Paris, 15 September 2008
During the summer of 2008, ARCEP monitored the respect as of 30th June 2008 of the deployment obligations appearing in wireless local loop (WLL) frequency usage authorisations for the 3.4-3.6 GHz band issued 25th July 2006.
Holders of authorisations as of 30 June 2008 were monitored. It is important to remember that because of a number of authorisation transfers, the number of authorisation holders for Metropolitan France has practically doubled (19 holders, including 14 municipalities and 5 telcos) compared with the 10 original holders (6 Regional Councils and 4 telcos).
Initial deployments made
Based on elements drawn from holder responses, ARCEP is observing an initial effective deployment of the wireless local loop, with over 500 operational sites, commercial offers and several thousand connected residential and business customers.
However, deployments are still relatively modest and are currently well below commitments taken by the holders in their authorisations.
Furthermore, the situations are very different depending on the geographic area and the holder: while some have fulfilled their obligations, others still have not or have barely begun. Overall, 16 regions have seen initial sites deployed and about one in four départements now has a service offer.
Constraints and development factors of the wireless local loop
ARCEP also conducted a number of hearings in order to appreciate the circumstances affecting the development of wireless local loop projects in the 3.4-3.6 GHz band and to establish an up-to-date view of the market.
The industrial context
Initial deployments use 802.16d and 802.16e WiMAX technologies. Currently, standard 802.16d is used only by a few local players or industries proposing 802.16d and 802.16e hybrid products. Indeed, at the global level, market players, equipment manufacturers and telcos have all turned to version 802.16e of the WiMAX technology. This technology, arriving through a staggered calendar, allows mobility and announces better performance and economies of scale at the global level, convincing most players including those wanting to offer fixed service. Thus, the modest start-up of deployments can be explained in part by the industrial delay and insufficient maturity of WiMAX 802.16e standard equipment.
So, growth of the wireless local loop in the 3.5 GHz band depends to a large part on the large-scale availability of interoperable 802.16e equipment offering the promised performance. This availability is itself highly dependent on the existence of a global market which projects in France are unable to create on their own.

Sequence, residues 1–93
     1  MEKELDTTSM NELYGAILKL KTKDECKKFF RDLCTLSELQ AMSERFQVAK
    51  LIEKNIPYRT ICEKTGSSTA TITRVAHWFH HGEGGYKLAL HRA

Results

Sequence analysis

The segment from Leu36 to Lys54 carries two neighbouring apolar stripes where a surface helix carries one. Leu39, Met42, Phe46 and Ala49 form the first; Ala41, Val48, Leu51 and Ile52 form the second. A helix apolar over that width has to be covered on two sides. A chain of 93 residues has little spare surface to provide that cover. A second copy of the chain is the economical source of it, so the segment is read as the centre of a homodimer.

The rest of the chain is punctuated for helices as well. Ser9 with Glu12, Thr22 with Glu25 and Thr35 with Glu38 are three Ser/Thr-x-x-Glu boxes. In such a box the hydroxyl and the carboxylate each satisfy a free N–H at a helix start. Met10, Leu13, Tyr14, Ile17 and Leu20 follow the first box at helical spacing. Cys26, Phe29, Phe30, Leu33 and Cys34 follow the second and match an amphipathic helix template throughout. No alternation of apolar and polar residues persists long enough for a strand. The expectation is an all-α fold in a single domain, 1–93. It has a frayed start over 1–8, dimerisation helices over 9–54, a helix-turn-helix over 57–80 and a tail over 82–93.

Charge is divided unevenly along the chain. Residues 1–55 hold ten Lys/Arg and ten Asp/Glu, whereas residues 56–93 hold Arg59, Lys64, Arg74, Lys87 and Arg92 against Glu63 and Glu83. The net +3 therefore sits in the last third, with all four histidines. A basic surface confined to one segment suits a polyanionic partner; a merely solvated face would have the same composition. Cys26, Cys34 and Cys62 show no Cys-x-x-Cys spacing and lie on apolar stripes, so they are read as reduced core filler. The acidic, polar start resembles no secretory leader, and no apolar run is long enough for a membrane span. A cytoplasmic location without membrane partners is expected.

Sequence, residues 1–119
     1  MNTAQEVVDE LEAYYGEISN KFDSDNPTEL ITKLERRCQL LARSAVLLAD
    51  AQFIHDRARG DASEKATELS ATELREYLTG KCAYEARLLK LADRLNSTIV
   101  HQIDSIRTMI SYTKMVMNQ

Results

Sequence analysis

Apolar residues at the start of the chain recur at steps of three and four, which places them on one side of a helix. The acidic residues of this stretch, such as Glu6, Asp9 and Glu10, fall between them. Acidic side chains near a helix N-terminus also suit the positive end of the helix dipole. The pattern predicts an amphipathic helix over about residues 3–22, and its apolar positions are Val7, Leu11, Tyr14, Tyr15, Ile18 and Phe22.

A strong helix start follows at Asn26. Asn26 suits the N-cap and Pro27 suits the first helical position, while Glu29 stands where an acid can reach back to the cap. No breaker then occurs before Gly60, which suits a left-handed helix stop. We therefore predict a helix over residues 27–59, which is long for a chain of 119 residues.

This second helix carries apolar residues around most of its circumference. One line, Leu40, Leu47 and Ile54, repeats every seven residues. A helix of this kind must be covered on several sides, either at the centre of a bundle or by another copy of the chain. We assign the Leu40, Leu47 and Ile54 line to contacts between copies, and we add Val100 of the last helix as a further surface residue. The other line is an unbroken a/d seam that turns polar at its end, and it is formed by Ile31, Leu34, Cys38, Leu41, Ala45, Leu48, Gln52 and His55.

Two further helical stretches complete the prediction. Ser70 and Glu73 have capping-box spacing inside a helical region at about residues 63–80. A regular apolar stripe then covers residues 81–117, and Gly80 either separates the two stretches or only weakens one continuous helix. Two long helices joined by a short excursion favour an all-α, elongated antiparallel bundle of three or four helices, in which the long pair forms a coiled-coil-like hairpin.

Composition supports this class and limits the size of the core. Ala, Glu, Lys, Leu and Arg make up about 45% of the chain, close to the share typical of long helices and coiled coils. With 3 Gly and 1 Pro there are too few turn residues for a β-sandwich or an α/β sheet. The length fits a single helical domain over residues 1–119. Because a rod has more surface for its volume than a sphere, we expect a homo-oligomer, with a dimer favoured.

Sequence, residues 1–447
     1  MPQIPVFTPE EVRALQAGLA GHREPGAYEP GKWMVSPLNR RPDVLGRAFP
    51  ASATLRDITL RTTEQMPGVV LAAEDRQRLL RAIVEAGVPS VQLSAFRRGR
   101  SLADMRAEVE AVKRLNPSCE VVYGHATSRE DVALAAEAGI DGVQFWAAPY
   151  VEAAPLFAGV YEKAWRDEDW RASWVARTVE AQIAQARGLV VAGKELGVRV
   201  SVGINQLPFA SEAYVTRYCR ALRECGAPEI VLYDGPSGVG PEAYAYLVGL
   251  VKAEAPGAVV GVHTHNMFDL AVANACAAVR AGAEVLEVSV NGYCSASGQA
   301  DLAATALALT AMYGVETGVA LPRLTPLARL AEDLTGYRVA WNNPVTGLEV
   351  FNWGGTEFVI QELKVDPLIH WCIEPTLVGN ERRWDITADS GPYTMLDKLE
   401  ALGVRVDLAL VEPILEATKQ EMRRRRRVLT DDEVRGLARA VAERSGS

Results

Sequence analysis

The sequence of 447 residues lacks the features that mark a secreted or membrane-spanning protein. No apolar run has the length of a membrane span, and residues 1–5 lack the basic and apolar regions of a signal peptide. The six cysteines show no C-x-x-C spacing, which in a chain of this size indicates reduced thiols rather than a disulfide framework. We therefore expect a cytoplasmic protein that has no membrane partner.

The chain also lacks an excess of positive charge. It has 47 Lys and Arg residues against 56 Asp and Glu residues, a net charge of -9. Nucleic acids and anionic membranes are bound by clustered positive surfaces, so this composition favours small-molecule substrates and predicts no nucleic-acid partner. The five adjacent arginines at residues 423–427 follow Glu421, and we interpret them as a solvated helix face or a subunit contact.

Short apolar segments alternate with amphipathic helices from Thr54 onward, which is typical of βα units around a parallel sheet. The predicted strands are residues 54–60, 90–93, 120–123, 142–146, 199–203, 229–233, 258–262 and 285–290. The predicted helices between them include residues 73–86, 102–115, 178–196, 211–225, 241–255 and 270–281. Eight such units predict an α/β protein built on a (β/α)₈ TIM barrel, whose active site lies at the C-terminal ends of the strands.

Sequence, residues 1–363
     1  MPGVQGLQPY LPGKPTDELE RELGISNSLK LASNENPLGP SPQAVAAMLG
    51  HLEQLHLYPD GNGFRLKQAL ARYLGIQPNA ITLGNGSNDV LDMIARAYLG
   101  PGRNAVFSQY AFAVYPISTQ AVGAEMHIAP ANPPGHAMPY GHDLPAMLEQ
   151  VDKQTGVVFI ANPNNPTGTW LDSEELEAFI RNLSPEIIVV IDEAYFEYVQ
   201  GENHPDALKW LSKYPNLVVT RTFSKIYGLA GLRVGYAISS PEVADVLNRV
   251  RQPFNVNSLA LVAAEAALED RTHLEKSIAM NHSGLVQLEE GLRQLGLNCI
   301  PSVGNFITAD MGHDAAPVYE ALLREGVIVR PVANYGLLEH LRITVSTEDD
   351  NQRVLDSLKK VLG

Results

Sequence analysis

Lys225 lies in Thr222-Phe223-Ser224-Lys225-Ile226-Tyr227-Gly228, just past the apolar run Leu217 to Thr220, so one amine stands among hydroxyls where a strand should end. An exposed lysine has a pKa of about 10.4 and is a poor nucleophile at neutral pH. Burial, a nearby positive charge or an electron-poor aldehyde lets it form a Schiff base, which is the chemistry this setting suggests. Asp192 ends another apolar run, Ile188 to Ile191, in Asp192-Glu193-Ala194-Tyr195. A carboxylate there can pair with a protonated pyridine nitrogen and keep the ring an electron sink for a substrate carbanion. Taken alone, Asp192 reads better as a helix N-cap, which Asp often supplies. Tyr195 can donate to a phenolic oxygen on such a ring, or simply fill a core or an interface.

The position of the wireless local loop in high-speed access
The review conducted with players confirmed that, despite difficulties in getting off the ground, there are projects using two very different major models:
- A wireless FAI model at the national level for mobile high speed, especially in densely populated areas which should, however, find its place among fixed high-speed and mobile high-speed technologies.
- A model oriented specifically towards digital regional development, for the coverage of ADSL white areas, in which the wireless local loop is seen as a complementary solution when combined with other technologies. Moreover, the economic balance of this model is consolidated if used in a public initiative network.
ARCEP places holders of wireless local loop usage authorisations under surveillance and organises monitoring of their deployment progress
Based on elements shared by holders during the inspection and an analysis of these elements, ARCEP has decided to put the wireless local loop market under surveillance.
ARCEP is setting up monitoring: holders will report on the progress of their deployments every six months.
This regularly updated information will be published on ARCEP’s web site in the form of a review table and maps which are attached to this press release.
This monitoring of wireless local loop projects will take into account advances at the global level in the industrial development of WiMAX technologies.
This supervision will continue until the next authorisation deployment obligation deadline, scheduled for December 2010.
Review of inspection results of 30th June 2008 (pdf - 423 Ko) (English version - pdf)